Newcomers to the state are quickly moving toward employment

Recent news stories reporting that 400 of the migrants and refugees to Massachusetts who have been granted work permits are currently employed are surprising and at the same time not surprising at all.

Our organization, Thrive Support & Advocacy, is a small but growing nonprofit organization providing services to individuals with developmental disabilities, including residential and day support programs, in Middlesex and Worcester counties.

Sean RoseSean Rose

Sean Rose

We now employ 14 people who have been living in a temporary family shelter nearby, and another 10 people have been referred and are awaiting admission. In total, they will make up approximately one third of our direct support staff. If we had the capacity – both in terms of interpreters and resources – we would absolutely hire more, because their commitment far outweighs the onboarding challenges that come from speaking another language.

Businesses across the Commonwealth have been complaining about labor shortages for years. Our human services sector in particular is facing an ongoing workforce crisis that has been exacerbated by the pandemic.

A recent Association of Developmental Disabilities Providers workforce survey, in which we participated, found the overall vacancy rate among community-based providers of intellectual and developmental disability services to be 24%.

Therefore, it is surprising that only about 400 of these work-ready newcomers have found jobs.

The people we hired were among the first group of newcomers to receive a work permit in December. It took us eight weeks to onboard our first cohort of six women from Haiti due to language barriers and slow background checks.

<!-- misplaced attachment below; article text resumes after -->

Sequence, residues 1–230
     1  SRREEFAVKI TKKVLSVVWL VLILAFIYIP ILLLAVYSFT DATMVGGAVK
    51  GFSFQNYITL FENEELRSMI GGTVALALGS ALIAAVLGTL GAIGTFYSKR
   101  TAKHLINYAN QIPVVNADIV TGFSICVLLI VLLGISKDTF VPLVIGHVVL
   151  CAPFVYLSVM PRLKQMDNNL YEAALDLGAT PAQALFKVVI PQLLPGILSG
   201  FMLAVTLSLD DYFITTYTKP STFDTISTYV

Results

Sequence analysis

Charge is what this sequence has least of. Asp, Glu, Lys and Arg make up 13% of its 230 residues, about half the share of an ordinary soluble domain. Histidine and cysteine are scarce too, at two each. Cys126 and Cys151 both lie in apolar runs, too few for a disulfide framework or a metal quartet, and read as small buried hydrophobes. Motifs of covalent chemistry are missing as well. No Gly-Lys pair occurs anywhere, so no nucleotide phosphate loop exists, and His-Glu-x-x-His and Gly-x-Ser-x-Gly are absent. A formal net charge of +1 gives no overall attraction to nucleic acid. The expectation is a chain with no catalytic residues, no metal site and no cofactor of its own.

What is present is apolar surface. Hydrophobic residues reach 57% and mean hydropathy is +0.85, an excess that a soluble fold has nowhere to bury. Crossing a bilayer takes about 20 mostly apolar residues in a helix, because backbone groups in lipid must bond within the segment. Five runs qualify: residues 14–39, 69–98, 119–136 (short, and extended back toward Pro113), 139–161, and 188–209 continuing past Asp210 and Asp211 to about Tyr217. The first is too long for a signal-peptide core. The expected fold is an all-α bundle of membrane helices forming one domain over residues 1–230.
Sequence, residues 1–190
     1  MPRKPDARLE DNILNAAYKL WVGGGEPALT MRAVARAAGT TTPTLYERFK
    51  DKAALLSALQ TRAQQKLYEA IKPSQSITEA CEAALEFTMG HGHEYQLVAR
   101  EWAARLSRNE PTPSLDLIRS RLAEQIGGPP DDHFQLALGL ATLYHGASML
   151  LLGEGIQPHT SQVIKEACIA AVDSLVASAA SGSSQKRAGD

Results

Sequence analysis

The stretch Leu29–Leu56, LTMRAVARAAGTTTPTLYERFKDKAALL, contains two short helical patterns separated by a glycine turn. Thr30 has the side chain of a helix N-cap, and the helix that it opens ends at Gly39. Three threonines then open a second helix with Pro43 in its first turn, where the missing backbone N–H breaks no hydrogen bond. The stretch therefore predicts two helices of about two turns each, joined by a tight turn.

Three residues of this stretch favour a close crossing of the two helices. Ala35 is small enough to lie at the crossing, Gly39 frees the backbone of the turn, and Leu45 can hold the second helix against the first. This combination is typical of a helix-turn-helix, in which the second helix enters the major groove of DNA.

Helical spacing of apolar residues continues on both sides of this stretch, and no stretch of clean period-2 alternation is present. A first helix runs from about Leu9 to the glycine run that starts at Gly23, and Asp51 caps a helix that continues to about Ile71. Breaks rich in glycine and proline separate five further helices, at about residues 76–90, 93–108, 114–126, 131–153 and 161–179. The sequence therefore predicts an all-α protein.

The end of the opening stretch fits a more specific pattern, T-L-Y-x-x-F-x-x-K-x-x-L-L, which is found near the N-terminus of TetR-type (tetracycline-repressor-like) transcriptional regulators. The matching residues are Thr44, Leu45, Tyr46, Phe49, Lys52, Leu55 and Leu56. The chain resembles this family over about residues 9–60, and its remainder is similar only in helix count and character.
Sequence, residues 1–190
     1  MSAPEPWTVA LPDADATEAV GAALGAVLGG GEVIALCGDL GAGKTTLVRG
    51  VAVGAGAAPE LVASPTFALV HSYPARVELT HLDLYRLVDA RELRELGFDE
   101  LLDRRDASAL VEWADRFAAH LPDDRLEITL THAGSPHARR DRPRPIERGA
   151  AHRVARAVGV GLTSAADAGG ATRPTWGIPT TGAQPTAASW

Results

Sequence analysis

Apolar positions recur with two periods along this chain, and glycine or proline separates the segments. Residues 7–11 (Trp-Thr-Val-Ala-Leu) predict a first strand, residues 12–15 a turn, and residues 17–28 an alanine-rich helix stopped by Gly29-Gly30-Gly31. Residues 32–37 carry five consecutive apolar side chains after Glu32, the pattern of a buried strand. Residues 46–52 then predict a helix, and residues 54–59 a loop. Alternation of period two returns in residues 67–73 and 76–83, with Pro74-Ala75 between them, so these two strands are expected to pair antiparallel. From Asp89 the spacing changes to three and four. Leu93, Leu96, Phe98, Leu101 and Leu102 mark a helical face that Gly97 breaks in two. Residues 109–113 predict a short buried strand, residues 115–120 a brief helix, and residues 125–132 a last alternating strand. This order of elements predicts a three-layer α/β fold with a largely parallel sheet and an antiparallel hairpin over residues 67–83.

Using lessons learned, patience and creativity, our second class of new hires were onboarded within four weeks, including background checks and completion of required training. This approximates the average training time for typical employees in our industry.

There’s no question that Massachusetts needs more workers, and these newcomers want jobs. Here are some tips to make this work:

  • Be creative: Language is the main barrier to employment for many refugees entering Massachusetts. We utilized current employees who speak Haitian Creole and hired a third person as a translator, and our new employees started a night shift where there would be less need for communication.

  • Be resourceful: The human services industry in Massachusetts is highly regulated, and people who provide direct care to individuals with complex needs must pass a series of background checks and training certifications to work in our industry. The certification tests, such as CPR and First Aid, are available in English only and require real-time interpretation, demonstration and translation for participating individuals.

  • Be collaborative: The resettlement agencies and providers who work with the people living in the shelters are invaluable in navigating the state system. Our partners at the Central Massachusetts Housing Alliance help with paperwork, translation, transportation, English lessons and more. We also see opportunities to partner with other human service providers to reduce the overall cost of onboarding new staff.

  • Be persistent: When recruiting our first class of new employees, obtaining timely background check results was a challenge. With persistence and support from our state partners, including Senator Robyn Kennedy and Ken Brown, Assistant Secretary of the Executive Office of Labor and Workforce Development, we are working to remove these barriers and achieve faster results.

Our new employees are enthusiastic and hardworking people who show up on time every shift. They are knowledgeable and friendly – ​​and grateful for the opportunity.

We hope that other employers – especially in our industry, which has struggled with a double-digit vacancy rate for more than a decade – will see the tremendous benefit of working with these people looking for a fresh start in America. By doing so, they will solve one piece of the workforce puzzle while allowing these new employees to build better lives for their families.

Sean Rose is president and CEO and Stacey Forrest is COO at Thrive Support & Advocacy in Marlborough and Worcester.

This article originally appeared on Telegram & Gazette: Sean Rose on getting mass migrants to work